Switching from old paper master to comms apprenticeJuly 17, 2019
By Scott Thompson
55 comms director
This item was written for 55 comms' client newsletter, Sourced. If you would like to subscribe to the newsletter, please email email@example.com
This month marks a little milestone for me.
After three decades in traditional news media, mostly newspapers, it is one year since I pinned my ears back and plunged into the world of media strategy, officially joining 55 comms as a "rookie" director.
A number of my old newsroom mates didn’t waste any time in geeing me up: “So Scotty you’ve finally joined the Dark Side” or “how’s the spin doctoring?”
After all my working life on the so-called "Light Side" of the communications, content news and information universe, I must admit I initially felt somewhat awkward, like Yoda with chopsticks.
Much like the "Force", news is omnipresent and the editing of newspapers is highly seductive. Journalism is not a job – it is a way of life and a part of who you are. The news antenna is up 24/7. You live your life in adrenaline bursts chasing the next scoop or deadline, awe-inspiring picture or thinking up a cracking headline for that Page 1 splash that will grab readers by the eyeballs.
From the local newspaper in the seaside town near where I grew up, and then being privileged to edit the biggest newspaper in Queensland, running a large network of community papers and editing the lively daily tabloid mastheads in Cairns and the Gold Coast, newspapers always gave me meaning, direction and purpose.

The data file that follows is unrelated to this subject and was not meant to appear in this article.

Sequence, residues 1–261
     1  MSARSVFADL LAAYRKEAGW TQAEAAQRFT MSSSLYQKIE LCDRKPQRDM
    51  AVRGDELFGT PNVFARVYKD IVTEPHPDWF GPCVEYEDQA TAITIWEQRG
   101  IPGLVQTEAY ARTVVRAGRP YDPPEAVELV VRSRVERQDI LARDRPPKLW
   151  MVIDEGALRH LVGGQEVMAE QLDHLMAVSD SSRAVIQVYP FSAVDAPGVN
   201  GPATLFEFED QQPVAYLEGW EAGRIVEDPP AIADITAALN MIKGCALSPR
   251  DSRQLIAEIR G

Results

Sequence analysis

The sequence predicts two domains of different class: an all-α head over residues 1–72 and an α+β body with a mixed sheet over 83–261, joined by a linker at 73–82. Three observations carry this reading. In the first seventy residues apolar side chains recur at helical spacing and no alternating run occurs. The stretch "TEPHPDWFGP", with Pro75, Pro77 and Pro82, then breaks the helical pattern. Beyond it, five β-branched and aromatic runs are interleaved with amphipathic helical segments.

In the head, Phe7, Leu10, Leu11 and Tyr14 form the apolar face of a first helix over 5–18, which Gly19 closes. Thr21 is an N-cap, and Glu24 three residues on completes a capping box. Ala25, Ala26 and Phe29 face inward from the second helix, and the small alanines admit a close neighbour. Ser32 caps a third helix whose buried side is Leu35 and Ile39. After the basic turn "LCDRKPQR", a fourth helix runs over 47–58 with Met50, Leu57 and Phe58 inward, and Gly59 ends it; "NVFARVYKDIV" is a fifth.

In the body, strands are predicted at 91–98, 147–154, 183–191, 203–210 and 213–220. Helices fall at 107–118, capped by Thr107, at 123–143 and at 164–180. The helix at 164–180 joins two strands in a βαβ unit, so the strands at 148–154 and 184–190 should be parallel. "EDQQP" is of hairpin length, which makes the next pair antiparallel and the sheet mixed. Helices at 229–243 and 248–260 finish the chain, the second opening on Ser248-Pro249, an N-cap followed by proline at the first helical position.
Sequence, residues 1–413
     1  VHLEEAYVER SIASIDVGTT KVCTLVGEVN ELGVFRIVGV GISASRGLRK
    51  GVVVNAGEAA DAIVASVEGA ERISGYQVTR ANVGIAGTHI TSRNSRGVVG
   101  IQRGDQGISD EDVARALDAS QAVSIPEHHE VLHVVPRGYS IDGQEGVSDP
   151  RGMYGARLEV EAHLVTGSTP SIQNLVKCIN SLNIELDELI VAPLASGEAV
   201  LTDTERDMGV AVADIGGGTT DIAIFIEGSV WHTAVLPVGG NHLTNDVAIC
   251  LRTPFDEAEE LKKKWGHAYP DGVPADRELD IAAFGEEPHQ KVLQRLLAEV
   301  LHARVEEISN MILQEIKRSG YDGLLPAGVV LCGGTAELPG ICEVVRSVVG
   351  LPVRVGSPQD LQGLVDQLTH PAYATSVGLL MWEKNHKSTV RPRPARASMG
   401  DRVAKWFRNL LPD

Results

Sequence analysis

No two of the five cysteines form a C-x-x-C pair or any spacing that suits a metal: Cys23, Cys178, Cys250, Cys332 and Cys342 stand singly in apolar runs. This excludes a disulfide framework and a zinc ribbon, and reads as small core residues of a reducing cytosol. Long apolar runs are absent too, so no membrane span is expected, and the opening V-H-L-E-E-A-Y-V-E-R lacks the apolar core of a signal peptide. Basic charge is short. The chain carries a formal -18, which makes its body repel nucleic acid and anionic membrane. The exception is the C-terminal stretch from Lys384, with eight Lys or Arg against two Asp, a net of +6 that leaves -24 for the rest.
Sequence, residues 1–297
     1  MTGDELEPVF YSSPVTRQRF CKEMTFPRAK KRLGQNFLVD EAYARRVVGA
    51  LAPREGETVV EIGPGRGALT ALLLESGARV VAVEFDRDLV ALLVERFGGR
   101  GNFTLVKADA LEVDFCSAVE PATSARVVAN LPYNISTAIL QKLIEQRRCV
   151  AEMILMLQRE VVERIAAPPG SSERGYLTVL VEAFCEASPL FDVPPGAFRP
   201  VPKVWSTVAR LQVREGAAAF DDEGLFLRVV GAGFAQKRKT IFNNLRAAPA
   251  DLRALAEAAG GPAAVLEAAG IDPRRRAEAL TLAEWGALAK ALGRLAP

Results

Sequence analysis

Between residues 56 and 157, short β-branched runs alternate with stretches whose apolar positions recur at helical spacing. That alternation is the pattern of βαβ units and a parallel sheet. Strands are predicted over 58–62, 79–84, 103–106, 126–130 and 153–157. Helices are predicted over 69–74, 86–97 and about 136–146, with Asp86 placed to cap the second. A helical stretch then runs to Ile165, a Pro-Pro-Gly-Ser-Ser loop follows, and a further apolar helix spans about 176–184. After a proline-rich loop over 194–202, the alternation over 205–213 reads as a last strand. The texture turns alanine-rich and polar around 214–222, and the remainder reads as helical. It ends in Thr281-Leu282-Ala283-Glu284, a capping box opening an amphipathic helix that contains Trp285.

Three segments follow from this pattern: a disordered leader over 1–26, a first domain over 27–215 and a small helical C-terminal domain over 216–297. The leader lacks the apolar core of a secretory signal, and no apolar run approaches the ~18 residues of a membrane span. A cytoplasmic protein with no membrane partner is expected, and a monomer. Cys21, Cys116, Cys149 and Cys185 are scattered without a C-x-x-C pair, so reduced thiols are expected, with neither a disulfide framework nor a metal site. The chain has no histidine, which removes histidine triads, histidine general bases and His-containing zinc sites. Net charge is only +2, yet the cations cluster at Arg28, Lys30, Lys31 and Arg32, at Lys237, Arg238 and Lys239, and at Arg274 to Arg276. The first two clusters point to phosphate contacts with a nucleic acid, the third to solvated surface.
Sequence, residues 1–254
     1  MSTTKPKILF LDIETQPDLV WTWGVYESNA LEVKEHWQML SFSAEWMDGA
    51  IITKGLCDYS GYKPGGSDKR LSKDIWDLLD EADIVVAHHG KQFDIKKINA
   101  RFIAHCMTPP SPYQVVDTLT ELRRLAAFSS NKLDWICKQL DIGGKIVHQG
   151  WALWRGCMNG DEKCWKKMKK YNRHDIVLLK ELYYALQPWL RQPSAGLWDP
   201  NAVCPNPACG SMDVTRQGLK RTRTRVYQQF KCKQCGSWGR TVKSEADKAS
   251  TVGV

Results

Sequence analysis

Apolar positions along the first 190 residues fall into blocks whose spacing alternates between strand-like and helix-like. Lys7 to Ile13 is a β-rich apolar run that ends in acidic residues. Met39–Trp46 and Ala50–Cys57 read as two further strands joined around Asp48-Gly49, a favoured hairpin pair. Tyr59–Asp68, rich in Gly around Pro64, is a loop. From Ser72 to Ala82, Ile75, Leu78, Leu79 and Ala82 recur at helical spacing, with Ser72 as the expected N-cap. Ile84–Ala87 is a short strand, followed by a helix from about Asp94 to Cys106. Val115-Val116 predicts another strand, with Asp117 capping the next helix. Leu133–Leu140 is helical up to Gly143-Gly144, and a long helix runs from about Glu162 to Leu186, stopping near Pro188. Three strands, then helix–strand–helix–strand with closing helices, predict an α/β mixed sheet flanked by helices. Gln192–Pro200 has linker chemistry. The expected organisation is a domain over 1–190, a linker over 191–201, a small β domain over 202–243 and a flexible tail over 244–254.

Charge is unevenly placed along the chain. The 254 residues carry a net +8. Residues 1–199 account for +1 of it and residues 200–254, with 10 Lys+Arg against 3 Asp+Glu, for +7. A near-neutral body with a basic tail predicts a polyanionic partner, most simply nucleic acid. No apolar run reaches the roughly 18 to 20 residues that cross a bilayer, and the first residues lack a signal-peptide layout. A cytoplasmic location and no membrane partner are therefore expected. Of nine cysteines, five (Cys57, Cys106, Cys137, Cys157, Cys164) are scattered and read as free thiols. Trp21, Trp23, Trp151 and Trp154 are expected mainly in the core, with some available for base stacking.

I remember a respected editor once told me: "With editorships, it is not so much what it is, but what you can actually do … no matter the size of the paper, the community or the city’’.
Would I get the same personal and professional satisfaction from my new role?
Twelve months on I have to say "yes"’, yet it’s a different kind of satisfaction. At 55 comms I’m thankful to be working and mixing with former journalists and editors, social media producers and graphic designers.
Our office even has the vibe of a small newsroom and the broad client mix means anything can happen on any day and you have to know a little bit about many things – if you don’t then you find out by asking questions and researching.
Here are eight things which I learnt as an editor that have helped me adapt in my new career.
As old mate Yoda would say, do or do not read this list. There is no try.
- It’s still about the story. Great storytelling will win over audiences.
- It’s still about the ‘’people angle’’, and making them interesting, important, exciting and relevant.
- It’s still about the creativity. I have worked with some brilliant editors. They were also the best marketers because they created the content that created audience demand.
- It’s still about the who, what, when, where and why. Communications that are clear and concise will always resonate with audiences.
- It’s about appealing to emotions … and pride is one of the biggest audience engagement drivers.
- It’s still about ‘’sniffing the breeze’’ for the public mood or water cooler conversations and having a feel for community issues.
- It is still about human connections. Whether it’s news media or social media, the channel and platform on which it is consumed is secondary.
- And it is still about listening… twice as much as you speak.
Next month I will reveal the things you should ask yourself before pestering an editor with your press release.
Until then, may ‘’The Source’’ be with you … Scotty